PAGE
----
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Help with disappointing dyno results

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Old 07-10-2018, 04:15 PM
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fast.asleep
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Originally Posted by 856SPEED View Post
I have been down this road before but long ago; 2002-2003. I still have the car. Itís a one off 85 with the 91-96 rear bumper Gen I SBC with a nice exhaust note and runs 12ís with street tires and ZF6 tranny...love the car along with the white face Autometer gauges...Itís a C4 that GM never made......However......


Going back to what you said....I donít know I would do this project today....why????

I had no idea muscle car era 2.0 was going to the levels we are seeing today....technology has has grossly improved in the new cars and they do everything so efficiently with a huge aftermarket. Donít get me wrong, this car will stay with me since itís a quality build....but If I were you, buy an LS with a whole car wrapped around it. Computers and televisions from the 80ís and 90ís were great at that time, but could you imagine trying to convert one to your big screen HD set??
I totally agree with everything youíve said. I could have had a decent c5 by selling this car + what Iíve spent so far. BUT the car has huge sentimental value to the point that I can honestly say I will never sell it. While I love the engines in the c6, the styling just doesnít do it for me. Love the c7 but Iíll wait a few years and let someone else deal with the depreciation
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Old 07-10-2018, 05:03 PM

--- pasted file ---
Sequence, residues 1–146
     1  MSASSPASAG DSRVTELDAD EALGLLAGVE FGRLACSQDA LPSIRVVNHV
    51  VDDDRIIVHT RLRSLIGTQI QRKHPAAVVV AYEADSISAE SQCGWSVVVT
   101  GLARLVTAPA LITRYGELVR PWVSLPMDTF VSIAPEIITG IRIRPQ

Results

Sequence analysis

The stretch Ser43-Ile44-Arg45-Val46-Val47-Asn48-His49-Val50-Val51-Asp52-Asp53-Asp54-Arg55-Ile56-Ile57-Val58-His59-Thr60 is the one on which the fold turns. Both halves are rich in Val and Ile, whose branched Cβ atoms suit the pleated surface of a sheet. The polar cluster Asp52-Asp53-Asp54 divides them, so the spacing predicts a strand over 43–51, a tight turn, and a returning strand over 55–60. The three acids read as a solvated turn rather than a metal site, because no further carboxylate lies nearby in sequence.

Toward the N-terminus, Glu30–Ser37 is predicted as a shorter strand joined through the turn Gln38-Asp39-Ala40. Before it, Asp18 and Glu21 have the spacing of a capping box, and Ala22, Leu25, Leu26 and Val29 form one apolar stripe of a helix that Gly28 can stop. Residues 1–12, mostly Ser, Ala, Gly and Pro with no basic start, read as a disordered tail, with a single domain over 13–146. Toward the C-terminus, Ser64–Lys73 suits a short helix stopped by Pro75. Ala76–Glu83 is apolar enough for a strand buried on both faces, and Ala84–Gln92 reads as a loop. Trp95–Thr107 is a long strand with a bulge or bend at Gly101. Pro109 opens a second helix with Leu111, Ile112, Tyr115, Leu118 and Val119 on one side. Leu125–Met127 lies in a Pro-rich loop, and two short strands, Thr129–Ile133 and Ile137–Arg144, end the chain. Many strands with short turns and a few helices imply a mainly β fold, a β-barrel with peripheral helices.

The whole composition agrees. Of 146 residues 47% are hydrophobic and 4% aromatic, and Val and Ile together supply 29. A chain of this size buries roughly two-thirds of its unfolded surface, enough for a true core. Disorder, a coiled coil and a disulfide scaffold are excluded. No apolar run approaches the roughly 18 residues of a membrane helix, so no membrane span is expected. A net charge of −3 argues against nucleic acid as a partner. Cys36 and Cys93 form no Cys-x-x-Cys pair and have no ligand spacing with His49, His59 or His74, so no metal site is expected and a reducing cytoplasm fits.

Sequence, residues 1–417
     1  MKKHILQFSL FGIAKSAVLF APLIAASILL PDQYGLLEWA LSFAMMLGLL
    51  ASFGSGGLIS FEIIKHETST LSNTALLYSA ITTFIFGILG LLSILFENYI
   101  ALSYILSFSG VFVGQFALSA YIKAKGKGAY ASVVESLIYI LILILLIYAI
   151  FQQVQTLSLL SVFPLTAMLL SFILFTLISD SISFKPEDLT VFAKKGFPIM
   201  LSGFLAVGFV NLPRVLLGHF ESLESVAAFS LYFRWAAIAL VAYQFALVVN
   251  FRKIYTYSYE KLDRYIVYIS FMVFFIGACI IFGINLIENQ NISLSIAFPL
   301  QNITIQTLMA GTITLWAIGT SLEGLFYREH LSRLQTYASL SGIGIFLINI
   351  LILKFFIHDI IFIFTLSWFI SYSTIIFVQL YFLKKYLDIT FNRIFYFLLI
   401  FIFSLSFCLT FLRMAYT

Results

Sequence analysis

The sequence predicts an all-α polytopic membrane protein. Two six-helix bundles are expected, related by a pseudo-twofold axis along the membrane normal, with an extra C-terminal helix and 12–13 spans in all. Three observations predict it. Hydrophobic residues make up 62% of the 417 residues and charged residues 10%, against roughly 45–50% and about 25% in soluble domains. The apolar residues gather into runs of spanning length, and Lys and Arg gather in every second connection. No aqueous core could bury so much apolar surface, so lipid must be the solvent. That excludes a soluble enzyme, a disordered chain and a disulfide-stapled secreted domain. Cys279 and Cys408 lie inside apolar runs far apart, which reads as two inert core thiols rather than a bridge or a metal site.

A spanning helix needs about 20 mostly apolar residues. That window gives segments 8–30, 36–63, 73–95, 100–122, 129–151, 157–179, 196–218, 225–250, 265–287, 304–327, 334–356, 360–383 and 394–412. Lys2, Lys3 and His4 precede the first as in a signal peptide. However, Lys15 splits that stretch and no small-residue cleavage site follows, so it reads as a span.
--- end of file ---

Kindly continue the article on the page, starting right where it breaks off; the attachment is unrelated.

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Originally Posted by ddahlgren View Post
If you want a 10 second car build a 9 second car add 20k at least to the budget and plan on maintenance travel and lots of seat time unless you race 9 second cars already. Needs a cage and back half at least and aftermarket electronics or carbs or a good turbo. Not a cheap date and yes everything you have done is money down the rabbit hole.
Fair enough. Iíll stop with the blower and start saving for a c7. I guess I was just hoping for more considering all the posts I see about how headers add 50 hp to a stock l98...
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Old 07-11-2018, 10:11 AM
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Originally Posted by fast.asleep View Post
Fair enough. Iíll stop with the blower and start saving for a c7. I guess I was just hoping for more considering all the posts I see about how headers add 50 hp to a stock l98...

people say a lot my friend!


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Old 07-11-2018, 10:27 AM
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If GM could have gotten a 20% increase in headers for a few hundred bucks don't you think they would have made it an option? In my mind a TPI is better suited on a 305 than a 350 in the first place right along with the exhaust manifolds and cylinder heads. My bets are if you put all the L98 parts on a 383 the best you might get is 385 ft/lbs and 270 hp
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Old 07-11-2018, 10:31 AM
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will the type of intake make much difference once I add the blower?

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Old 07-11-2018, 10:56 AM
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YES the blower adds torque and hp the intake exhaust heads cam set the torque curve. The same intake that adds power NS will add power with the blower up until a point. But if not shooting for 1000 hp I would use that guideline. If you can buy a converted LT1 intake for 400 with rails it would be a virtual gift. It will allow more cam and get the heads ported to at least 195 w/ spings for the cam and blower as you need to add spring tension on at least the intake side for the blower.
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Old 07-11-2018, 12:24 PM
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Originally Posted by ddahlgren View Post
If GM could have gotten a 20% increase in headers for a few hundred bucks don't you think they would have made it an option? In my mind a TPI is better suited on a 305 than a 350 in the first place right along with the exhaust manifolds and cylinder heads. My bets are if you put all the L98 parts on a 383 the best you might get is 385 ft/lbs and 270 hp